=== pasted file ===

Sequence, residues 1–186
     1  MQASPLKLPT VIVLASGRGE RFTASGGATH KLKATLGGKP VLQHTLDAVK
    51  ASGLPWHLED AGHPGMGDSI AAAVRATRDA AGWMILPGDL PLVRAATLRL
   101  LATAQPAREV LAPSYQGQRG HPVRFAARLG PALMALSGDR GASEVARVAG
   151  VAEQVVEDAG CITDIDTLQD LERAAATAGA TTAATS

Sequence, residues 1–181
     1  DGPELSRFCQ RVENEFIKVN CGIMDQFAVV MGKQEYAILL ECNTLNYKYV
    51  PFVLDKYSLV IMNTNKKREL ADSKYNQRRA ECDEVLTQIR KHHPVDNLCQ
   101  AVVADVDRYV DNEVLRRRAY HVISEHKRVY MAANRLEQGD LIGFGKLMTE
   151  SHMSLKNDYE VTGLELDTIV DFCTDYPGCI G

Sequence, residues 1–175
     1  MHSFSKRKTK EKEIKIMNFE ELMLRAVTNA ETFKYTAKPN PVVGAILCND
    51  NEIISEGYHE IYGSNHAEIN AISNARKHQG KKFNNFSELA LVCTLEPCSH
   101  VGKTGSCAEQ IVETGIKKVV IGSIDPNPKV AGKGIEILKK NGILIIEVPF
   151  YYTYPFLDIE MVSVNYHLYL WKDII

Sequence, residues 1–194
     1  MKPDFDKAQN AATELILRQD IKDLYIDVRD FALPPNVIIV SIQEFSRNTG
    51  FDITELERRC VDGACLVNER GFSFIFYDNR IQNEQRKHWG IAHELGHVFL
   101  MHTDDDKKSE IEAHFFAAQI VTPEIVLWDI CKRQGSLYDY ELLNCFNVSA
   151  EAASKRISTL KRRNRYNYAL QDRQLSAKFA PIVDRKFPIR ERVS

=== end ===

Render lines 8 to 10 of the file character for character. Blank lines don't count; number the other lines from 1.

    51  PFVLDKYSLV IMNTNKKREL ADSKYNQRRA ECDEVLTQIR KHHPVDNLCQ
   101  AVVADVDRYV DNEVLRRRAY HVISEHKRVY MAANRLEQGD LIGFGKLMTE
   151  SHMSLKNDYE VTGLELDTIV DFCTDYPGCI G